perfume
Speaking of perfume, I LOVE the stuff, and I think it’s a lolita staple. If you’re going to be really really girly, you need to smell that way too, right? (Right!)
My current favourites are Juicy Couture and Aquolina Pink Sugar — the former I usually spritz on when I’m going for a cooler look, the latter is of course perfect when my goal is to look like a cupcake. Other great scents are the obvious Lolita by Lolita Lempicka (which managed to migrate to another part of my room before I snapped this photo), which has a deeper, headier scent that I think makes it lovely for more mature lolita looks or nighttime outings. Another one that I like is Geparlys Temptation, which is a fruitier scent than I usually choose and therefore I tend to use it when wearing colors or styles that are a little out of the norm.
Perfume is an extremely personal thing, so you should choose your scents carefully and make sure they suit not only your style but your own natural scent. Smell is the sense which is most strongly linked to memory– and who doesn’t want to be remembered beautifully?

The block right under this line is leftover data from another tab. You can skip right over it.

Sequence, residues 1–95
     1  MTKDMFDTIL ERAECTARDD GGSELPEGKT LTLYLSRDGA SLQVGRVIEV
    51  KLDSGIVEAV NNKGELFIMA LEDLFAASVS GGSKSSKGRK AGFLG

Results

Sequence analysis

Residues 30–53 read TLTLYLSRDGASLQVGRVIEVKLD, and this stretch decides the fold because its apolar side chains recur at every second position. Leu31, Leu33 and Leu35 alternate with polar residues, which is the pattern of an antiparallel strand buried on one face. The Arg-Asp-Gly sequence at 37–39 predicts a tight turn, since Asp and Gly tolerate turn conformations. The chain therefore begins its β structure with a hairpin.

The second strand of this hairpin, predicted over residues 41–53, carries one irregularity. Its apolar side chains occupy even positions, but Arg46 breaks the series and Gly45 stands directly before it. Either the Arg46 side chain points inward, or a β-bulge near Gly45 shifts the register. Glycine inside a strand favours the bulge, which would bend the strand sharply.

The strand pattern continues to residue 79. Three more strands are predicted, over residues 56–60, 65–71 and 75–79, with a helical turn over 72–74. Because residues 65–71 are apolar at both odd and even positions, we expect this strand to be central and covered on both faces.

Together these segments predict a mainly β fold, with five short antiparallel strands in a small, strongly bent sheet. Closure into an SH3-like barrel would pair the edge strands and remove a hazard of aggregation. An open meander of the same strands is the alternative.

Not exactly inconspicuous

me
I think I ended up on TV yesterday… maybe, and definitely only in my region. And if so, only for about 2 seconds during a live show that will never be rerun. Thank goodness!

Why? Because I looked like that! Probably the biggest fund-raiser in Japan took place on Sunday– called 24 Hour TV, just about every city in Japan has some sort of event that culminates with a big celebration at the end of the day, all with the goal of getting donations to support disaster relief and other important causes. I stopped to get information about donating and was singled out by the host of the show here in my city, solely because of the way I was dressed– there were indeed other foreigners around.

This post isn’t very informative… but I thought it was a cute anecdote about the reception of lolitas in Japan… or at least, this particular lolita in Japan.

By the way, right now I’m working on an entry about a topic that someone asked me about. If there are any specific things that people who read this blog are interested in learning more about (that is, about Japan and/or lolita fashion), ask and I’ll do my best to answer. If I have enough to say I’ll make a new entry about it, so we both win.